December 1, 2021 - 11:42 pm
A jury in Nevada has found one of the nation’s largest health insurers liable for underpaying millions of dollars to out-of-network emergency medical providers in what plaintiffs’ attorneys argued was a systematic bid to boost company profits.
The eight jurors in Las Vegas awarded more than $2 million in damages to three Nevada-based TeamHealth affiliates and will return next Tuesday to decide punitive damages against defendants including United Healthcare Insurance Co.
TeamHealth is a nationwide provider of emergency medical services through more than 15,000 affiliated healthcare professionals and clinicians.
Dustin Clark, communications vice president for United Healthcare, said Wednesday the company was reviewing the implications of the verdict, reached Monday.
“We remain committed to helping contain rapidly rising health care costs for the people and employer customers we’re privileged to serve,” Clark said in an email.
John Zavitsanos, Houston-based attorney for plaintiffs, declined to comment about the verdict or say how much in punitive damages he’ll seek. He sought $10 million in damages during the first phase of the trial.
In documents filed in the case in Clark County District Court, attorneys including Zavitsanos point to settlements of $50 million and $350 million that they said UnitedHealth Group Inc. paid to resolve reimbursement dispute lawsuits filed in 2009 in state and federal courts in New York.
TeamHealth President and CEO Leif Murphy said the company is “thrilled by the jury’s decision.”
“The court evidence clearly demonstrated that United’s refusal to adequately reimburse emergency medicine physicians was intentional and will no longer be tolerated,” said Murphy in a news release.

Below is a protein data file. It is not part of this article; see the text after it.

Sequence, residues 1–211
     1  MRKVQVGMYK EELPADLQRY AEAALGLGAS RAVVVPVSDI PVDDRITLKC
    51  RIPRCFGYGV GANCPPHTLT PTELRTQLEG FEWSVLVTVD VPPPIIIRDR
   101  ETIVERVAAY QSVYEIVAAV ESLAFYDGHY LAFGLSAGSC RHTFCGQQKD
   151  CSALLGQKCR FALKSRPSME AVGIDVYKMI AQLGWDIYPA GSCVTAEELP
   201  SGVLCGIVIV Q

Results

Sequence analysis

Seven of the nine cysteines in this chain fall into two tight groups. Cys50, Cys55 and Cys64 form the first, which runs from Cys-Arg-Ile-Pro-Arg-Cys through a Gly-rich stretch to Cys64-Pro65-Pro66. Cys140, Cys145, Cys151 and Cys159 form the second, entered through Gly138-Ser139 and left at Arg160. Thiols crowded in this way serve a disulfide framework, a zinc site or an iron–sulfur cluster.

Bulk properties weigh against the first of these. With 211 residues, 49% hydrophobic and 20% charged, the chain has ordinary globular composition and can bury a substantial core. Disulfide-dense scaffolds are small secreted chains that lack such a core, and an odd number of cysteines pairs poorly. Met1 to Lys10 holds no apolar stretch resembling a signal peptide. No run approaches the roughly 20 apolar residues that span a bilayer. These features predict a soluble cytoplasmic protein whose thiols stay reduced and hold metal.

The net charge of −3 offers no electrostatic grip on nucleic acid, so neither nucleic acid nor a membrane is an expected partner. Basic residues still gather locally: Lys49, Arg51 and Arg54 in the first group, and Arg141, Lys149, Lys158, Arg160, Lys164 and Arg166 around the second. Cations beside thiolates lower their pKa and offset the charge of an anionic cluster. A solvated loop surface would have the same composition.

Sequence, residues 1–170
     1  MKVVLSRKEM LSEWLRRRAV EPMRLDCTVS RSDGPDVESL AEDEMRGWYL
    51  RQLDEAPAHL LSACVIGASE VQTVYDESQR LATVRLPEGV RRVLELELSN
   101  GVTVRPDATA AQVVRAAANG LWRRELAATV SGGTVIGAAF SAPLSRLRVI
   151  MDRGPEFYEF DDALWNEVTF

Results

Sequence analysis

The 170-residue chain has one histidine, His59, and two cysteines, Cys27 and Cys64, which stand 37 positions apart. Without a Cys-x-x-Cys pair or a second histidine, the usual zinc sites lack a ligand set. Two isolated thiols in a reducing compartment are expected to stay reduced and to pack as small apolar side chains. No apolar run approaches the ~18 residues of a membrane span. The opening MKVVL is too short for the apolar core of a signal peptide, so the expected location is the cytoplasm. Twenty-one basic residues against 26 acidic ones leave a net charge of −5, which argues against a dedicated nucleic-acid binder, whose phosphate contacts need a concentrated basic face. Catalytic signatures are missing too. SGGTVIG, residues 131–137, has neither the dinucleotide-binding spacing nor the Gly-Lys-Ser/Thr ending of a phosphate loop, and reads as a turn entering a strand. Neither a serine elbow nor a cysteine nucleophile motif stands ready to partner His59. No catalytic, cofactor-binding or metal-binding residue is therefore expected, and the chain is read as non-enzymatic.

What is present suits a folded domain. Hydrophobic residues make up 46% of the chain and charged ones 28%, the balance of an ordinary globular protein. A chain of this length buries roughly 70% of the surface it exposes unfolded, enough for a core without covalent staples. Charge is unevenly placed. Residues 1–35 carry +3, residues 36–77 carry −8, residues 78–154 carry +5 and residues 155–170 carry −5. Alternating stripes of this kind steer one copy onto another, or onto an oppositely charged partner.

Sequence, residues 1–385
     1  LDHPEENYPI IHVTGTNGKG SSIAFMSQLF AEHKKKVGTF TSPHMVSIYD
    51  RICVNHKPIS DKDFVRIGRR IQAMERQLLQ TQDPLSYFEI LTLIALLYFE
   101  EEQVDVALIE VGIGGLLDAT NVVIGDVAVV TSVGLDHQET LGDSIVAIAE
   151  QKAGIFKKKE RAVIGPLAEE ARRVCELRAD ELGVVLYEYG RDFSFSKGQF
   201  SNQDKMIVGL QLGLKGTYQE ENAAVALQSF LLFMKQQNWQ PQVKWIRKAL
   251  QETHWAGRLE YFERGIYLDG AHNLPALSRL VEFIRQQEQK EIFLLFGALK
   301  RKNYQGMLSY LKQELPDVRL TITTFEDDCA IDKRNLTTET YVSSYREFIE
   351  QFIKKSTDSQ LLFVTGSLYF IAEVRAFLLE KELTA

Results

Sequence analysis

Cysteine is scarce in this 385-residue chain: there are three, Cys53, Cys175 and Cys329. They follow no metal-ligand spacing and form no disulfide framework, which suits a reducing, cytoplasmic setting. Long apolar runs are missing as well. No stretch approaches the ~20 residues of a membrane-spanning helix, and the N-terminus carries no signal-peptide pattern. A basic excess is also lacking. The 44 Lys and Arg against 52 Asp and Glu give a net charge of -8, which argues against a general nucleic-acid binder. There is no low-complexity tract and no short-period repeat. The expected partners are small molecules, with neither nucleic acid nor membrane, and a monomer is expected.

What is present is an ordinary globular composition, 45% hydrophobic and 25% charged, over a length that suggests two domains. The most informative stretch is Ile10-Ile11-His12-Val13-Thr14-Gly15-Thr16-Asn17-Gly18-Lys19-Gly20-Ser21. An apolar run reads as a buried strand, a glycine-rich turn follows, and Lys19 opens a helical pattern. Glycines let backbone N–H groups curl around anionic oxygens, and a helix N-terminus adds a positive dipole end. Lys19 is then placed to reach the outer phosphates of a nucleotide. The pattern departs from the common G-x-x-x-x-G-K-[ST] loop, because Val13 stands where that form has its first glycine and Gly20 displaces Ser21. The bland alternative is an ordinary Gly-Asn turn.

The Nevada breach-of-contract lawsuit was filed in April 2019 by Fremont Emergency Services (Mandavia) Ltd. and two other groups representing critical care providers.
It claimed United Healthcare and co-defendants Sierra Health and Life Insurance Co. and Health Plan of Nevada Inc. manipulated reimbursement rates paid to out-of-network providers at hospitals in and around Las Vegas, and in Fallon and Elko.
In emergency rooms, where patients cannot, by law, be turned away, an attending doctor or anesthesiologist may not be covered by the patient’s insurance plan.
“In emergency situations, individuals go to the nearest hospital for care, particularly if they are transported by ambulance,” one plaintiffs’ court filing said.
“Patients facing an emergency situation are unlikely to have the opportunity to determine in advance which hospitals and physicians are in-network under their health plan,” it said, and health insurers “are obligated to reimburse the health care providers at the reasonable value of the services provided.”
Wayne Dolcefino, a Houston-based media consultant and former journalist, closely followed the monthlong trial. He said testimony showed some reimbursements to physicians in Nevada who treat emergencies like heart attacks, strokes and gunshot wounds were cut 80 percent during the last four years, to less than $250.
He noted that emergency room doctors at Sunrise Medical Center in Las Vegas, one of the hospitals involved in the lawsuit, treated victims of the October 2017 mass shooting at a concert venue on the Strip that killed at least 58 people and injured hundreds more.
United Healthcare has tens of millions of insurance policyholders in the U.S.
Dolcefino said he was aware of similar health care reimbursement lawsuits in states including Arizona, Florida, New Jersey, New York, Oklahoma, Pennsylvania and Texas.
Lawyers for plaintiffs in the Nevada case accused United Healthcare of creating a false portrait of rising medical costs — tapping Yale researchers to conduct a study on provider price gouging — before Congress last December passed a measure dubbed the No Surprises Act.
The law, due to go into effect in January, prohibits care providers from billing emergency room patients. That leaves providers and insurers to negotiate reimbursement rates between themselves.
— Review-Journal assistant editor Subrina Hudson contributed to this report.